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The column I didn’t want to write about Julian Assange

Does anyone really think such a system could produce a fair trial?

SMH, By Elizabeth Farrelly, 8 December 2018  This is a piece I had no desire to write. Julian Assange, still holed up after six years in his self-imposed Knightsbridge prison, his fine view of Harrods’ Christmas lights filtered through an encircling fence of bobbies, has so thoroughly fallen from favour that even smart and kind-hearted people (and here I include self) find themselves somewhere between bored and hostile. Yet two questions remain: is this view manufactured? And, either way, should Assange be dumped into the lightless sewers of America’s imperial security system?

Assange’s welcome in the embassy is growing thin. When Ecuador throws him out, as is likely any moment, he’ll be arrested. For what? The only current charge, on an arrest warrant that a British judge recently refused to quash, is for skipping bail on a rape allegation that has since been dropped. The fear, and the reason he skipped, is that he’ll be extradited to the US to be face a secret grand jury indictment on charges of espionage for which Chelsea Manning has already been pardoned. …….
Assange’s welcome in the embassy is growing thin. When Ecuador throws him out, as is likely any moment, he’ll be arrested. For what? The only current charge, on an arrest warrant that a British judge recently refused to quash, is for skipping bail on a rape allegation that has since been dropped. The fear, and the reason he skipped, is that he’ll be extradited to the US to be face a secret grand jury indictment on charges of espionage for which Chelsea Manning has already been pardoned. So the legality of Assange’s transgression is less important than political perceptions of its public-interest value. His defence depends entirely on political intervention and, therefore, on public perception. This is why the public’s desertion of him is so critical. But is it justified?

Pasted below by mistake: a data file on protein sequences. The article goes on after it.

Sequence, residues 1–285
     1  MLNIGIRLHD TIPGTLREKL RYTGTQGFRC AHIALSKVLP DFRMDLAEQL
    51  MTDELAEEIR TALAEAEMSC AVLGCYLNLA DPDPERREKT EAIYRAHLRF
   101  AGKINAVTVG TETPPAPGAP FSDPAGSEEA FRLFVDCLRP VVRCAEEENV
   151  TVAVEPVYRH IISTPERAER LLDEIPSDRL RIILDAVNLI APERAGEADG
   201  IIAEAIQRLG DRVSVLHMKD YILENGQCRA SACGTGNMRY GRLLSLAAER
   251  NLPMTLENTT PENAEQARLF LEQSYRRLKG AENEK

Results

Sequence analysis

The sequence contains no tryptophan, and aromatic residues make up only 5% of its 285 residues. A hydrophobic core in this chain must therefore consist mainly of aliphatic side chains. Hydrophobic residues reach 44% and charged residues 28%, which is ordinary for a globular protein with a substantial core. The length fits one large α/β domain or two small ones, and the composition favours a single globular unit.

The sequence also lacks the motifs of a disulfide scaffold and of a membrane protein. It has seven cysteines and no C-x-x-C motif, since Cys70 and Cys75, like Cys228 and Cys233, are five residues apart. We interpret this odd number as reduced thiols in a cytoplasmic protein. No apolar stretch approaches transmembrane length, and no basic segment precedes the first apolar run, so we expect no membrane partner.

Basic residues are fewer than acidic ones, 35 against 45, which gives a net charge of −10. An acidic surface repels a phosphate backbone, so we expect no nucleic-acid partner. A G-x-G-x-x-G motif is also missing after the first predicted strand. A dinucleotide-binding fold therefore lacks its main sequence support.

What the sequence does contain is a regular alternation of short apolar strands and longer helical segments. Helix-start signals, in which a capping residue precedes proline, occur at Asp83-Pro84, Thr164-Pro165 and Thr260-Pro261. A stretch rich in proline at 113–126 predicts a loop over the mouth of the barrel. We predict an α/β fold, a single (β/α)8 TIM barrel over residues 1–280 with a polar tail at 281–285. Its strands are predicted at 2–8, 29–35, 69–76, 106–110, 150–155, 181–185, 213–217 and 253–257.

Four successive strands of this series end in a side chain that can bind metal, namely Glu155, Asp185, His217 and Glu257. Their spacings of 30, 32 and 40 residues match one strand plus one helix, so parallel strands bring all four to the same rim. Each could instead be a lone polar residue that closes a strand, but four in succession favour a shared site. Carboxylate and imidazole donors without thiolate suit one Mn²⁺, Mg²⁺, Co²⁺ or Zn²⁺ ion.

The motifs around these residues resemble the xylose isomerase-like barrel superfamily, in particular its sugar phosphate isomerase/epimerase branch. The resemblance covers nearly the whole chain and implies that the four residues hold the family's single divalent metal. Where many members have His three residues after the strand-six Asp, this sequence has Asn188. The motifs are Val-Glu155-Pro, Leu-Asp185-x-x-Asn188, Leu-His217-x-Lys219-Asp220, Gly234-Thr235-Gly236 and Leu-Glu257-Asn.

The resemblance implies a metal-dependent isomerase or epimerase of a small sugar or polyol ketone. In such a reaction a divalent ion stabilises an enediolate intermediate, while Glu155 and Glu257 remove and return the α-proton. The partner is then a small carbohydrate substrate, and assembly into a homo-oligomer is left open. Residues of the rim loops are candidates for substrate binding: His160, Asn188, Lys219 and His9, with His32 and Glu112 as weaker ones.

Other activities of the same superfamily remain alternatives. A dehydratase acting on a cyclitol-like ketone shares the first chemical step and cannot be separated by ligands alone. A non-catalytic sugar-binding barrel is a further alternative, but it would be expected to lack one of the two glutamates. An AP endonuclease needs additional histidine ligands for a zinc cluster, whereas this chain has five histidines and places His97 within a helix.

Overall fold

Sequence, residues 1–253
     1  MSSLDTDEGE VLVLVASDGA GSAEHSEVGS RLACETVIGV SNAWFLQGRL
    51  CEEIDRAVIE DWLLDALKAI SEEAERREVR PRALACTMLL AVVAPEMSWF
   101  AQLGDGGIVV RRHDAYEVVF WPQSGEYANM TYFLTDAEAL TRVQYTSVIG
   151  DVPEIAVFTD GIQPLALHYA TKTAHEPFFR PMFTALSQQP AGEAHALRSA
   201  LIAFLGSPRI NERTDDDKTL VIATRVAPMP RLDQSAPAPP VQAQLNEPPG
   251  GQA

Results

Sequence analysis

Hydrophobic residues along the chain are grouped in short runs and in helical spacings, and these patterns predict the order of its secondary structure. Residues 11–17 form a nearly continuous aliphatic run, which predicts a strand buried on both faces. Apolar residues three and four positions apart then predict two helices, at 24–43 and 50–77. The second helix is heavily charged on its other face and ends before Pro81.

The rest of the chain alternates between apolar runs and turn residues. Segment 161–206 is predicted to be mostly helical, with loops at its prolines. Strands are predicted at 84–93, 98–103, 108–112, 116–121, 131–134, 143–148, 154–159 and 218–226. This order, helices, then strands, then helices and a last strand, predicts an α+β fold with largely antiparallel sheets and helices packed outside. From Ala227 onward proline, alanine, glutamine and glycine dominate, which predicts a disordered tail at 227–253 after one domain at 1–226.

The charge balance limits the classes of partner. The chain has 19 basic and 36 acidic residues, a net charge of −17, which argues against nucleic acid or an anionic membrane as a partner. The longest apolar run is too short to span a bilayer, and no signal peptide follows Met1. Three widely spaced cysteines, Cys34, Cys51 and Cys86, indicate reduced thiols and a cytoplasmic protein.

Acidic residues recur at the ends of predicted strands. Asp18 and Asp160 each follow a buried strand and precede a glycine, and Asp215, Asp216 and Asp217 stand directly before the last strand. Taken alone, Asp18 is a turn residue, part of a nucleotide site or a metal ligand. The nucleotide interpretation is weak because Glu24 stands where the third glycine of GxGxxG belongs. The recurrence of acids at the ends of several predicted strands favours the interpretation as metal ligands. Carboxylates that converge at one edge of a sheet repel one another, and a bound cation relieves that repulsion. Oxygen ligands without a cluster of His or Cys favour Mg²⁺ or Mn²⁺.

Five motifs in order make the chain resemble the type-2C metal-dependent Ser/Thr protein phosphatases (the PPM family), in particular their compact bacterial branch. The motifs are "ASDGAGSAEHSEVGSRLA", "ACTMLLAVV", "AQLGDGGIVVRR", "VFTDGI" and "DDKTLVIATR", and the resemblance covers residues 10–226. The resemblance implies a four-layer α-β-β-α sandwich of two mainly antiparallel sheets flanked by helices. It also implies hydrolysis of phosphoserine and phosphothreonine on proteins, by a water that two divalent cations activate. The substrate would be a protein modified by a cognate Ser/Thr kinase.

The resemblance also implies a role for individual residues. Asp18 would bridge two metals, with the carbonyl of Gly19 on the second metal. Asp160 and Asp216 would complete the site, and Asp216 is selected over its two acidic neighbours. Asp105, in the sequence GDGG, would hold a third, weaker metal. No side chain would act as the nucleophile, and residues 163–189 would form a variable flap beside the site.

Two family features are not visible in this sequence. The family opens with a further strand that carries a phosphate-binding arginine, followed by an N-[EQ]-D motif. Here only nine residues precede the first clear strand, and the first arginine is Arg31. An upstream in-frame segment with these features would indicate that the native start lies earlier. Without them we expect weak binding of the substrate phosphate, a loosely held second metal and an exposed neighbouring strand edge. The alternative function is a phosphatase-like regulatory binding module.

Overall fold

But counterbalancing all that is the far bigger question of the American security machine, and whether we trust that to safeguard anyone’s interest but its own.  ….
 secrecy has been the anti-Assange campaign’s defining characteristic. Naturally, no one ever conceded that the rape charges were shaky or explained the prosecutor’s refusal to interview Assange in London (generating fear of a ruse to facilitate his extradition to the US). The charges have since been dropped without explanation yet America’s determination to capture Assange remains undiminished.
Back in 2011 a grand jury was convened in Virginia to determine whether Assange was indictable. Grand jury proceedings are inherently secret. Involving neither judge nor jury they are prosecutor-led, with no defendant right to a defence, attendance or even knowledge. Their findings too are secret. Thus, despite years of enduring rumours of a “sealed indictment” against Assange we know only that last month, US prosecutors inadvertently revealed that secret charges had been laid against Assange.

Put it together. An old arrest warrant for skipping bail on a charge that was always feeble and has since been dropped, a refusal to deny extradition intentions, secret charges emerging from a secret court over an act that may not even be illegal and for which the principal culprit has already been pardoned. Does anyone really think such a system could produce a fair trial?

Twitter @emfarrelly  https://www.smh.com.au/national/the-column-i-didn-t-want-to-write-about-julian-assange-20181206-p50kng.html
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December 8, 2018 - Posted by | general

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